Opening 13 Sep 2012
The “revision” which takes places in this documentary by Phillip Scheffner is an attempt to investigate a court case of a murder which occurred on the night of June 29, 1992, near Nadrensee, Germany, on the Polish border. Two men were found dead in a corn field guarded by tall windmills. The investigation revealed that they were gypsies from Romania who crossed into Germany illegally with a group of other men. They had been shot by two hunters who, in the early morning, were looking for wild boar, and thought they had found them. Strangely, the German hunters left the scene; farmers found the corpses, after the field had burned and then was ploughed. Four years later, the court case against the two hunters began; ten years later, the case was closed and the men were declared innocent.
The families of the victims (Eudache Calderer and Grigore Velcu) never knew what had happened until Scheffner visited them, 20 years later, for their comments. They only knew that they had been notified to pick up the bodies for burial. Director Scheffner visits the village, scene of crime, lawyers of the accused, and townspeople, but mostly he films conversations with the two extended families of Calderer and Velcu – in Romanian with a translator. According to statistics of an NGO called Fortress Europe, 14,687 immigrants died on the border to the European Union between 1988 and 2009. If they had come to Germany today (as their grown children do in the film), they would have been perfectly legal; Romania has been a member of the European Union since 2007.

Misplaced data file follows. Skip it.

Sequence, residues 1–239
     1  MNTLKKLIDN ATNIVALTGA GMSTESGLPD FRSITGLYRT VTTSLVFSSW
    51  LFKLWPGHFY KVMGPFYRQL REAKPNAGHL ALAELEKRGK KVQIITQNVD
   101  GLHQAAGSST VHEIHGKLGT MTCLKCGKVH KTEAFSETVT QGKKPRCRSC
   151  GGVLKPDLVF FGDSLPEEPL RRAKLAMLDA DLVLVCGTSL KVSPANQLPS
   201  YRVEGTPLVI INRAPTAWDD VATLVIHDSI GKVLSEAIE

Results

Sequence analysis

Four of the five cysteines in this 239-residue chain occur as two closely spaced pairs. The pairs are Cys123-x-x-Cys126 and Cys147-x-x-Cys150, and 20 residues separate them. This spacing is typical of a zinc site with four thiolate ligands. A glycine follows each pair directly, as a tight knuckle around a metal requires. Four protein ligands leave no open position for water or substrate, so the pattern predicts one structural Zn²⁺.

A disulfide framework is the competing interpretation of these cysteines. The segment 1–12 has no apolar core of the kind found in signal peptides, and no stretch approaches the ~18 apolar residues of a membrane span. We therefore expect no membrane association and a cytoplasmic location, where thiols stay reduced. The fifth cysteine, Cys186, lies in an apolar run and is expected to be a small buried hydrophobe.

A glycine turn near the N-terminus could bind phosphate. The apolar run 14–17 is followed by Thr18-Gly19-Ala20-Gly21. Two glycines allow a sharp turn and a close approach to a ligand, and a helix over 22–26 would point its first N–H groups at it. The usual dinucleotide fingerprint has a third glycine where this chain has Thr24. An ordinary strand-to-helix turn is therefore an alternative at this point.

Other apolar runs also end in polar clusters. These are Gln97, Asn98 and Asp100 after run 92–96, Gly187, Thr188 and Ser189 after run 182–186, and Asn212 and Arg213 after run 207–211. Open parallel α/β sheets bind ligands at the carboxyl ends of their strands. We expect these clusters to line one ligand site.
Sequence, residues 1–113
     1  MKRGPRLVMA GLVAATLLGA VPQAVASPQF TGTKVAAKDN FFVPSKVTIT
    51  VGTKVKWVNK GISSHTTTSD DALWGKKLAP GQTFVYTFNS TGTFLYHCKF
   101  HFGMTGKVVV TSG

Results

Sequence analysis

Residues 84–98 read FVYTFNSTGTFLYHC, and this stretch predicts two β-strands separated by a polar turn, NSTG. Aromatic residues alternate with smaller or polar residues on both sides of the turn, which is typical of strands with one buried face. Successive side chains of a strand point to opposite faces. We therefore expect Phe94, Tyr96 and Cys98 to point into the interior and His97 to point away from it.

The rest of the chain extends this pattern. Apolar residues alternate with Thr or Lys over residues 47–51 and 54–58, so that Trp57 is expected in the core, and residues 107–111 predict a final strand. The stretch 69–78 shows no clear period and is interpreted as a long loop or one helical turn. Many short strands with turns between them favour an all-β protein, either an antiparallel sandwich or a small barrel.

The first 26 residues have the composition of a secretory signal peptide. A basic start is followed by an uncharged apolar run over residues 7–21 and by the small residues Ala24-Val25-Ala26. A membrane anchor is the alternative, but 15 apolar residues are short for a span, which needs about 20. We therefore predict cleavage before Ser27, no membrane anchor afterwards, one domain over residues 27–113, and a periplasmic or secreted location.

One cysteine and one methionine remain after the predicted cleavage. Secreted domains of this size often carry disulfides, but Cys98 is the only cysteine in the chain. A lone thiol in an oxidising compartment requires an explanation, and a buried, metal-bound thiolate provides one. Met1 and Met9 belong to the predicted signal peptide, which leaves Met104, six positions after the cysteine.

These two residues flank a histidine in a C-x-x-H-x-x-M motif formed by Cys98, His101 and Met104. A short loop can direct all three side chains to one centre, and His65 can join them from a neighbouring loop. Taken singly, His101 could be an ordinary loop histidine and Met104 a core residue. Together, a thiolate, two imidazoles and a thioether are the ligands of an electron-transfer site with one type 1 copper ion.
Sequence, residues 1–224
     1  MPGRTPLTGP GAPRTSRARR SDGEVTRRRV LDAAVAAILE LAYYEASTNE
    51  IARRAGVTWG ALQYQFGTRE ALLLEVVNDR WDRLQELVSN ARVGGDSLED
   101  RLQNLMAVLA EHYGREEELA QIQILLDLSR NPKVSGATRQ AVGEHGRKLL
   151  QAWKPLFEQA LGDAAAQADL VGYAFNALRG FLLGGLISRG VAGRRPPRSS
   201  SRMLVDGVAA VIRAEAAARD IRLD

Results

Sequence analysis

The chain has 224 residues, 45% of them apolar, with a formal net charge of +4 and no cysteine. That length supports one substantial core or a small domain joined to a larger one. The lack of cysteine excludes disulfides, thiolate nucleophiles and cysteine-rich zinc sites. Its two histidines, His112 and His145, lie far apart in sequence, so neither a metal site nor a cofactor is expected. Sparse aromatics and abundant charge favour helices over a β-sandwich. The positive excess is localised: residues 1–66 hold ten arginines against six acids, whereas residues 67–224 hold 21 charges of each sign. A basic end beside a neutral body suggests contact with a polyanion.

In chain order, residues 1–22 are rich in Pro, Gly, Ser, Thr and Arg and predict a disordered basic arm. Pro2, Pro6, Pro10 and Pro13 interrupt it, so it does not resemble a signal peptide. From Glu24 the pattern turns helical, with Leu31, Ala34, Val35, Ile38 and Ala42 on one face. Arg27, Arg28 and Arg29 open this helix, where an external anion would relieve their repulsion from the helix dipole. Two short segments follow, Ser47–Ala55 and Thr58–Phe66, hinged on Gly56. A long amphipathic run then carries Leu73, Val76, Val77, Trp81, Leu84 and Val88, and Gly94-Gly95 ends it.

There were several obvious inconsistencies. For example, hunters who thought they had shot wild boar would have checked, in order to take the wild game home with them. But these were “just” illegal gypsies from Eastern Europe. Not only did the families never receive any compensation from any individual or government, they never knew how their fathers had died, nor that any court case had ever been in session. How differently would the story have unfolded if they had been Americans or British?
Revision celebrated its world premiere at the 2012 Berlin Film Festival. (Becky Tan)